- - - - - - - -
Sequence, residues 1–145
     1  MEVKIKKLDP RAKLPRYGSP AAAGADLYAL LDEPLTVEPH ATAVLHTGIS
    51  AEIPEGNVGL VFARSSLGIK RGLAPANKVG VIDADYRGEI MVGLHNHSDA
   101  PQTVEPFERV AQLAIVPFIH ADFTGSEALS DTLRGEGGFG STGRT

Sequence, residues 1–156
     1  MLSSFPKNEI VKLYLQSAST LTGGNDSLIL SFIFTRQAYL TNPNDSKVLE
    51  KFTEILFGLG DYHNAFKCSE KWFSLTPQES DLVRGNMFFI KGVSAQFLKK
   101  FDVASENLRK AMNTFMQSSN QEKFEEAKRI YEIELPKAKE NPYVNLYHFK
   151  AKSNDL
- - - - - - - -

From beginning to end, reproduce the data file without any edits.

Sequence, residues 1–145
     1  MEVKIKKLDP RAKLPRYGSP AAAGADLYAL LDEPLTVEPH ATAVLHTGIS
    51  AEIPEGNVGL VFARSSLGIK RGLAPANKVG VIDADYRGEI MVGLHNHSDA
   101  PQTVEPFERV AQLAIVPFIH ADFTGSEALS DTLRGEGGFG STGRT

Sequence, residues 1–156
     1  MLSSFPKNEI VKLYLQSAST LTGGNDSLIL SFIFTRQAYL TNPNDSKVLE
    51  KFTEILFGLG DYHNAFKCSE KWFSLTPQES DLVRGNMFFI KGVSAQFLKK
   101  FDVASENLRK AMNTFMQSSN QEKFEEAKRI YEIELPKAKE NPYVNLYHFK
   151  AKSNDL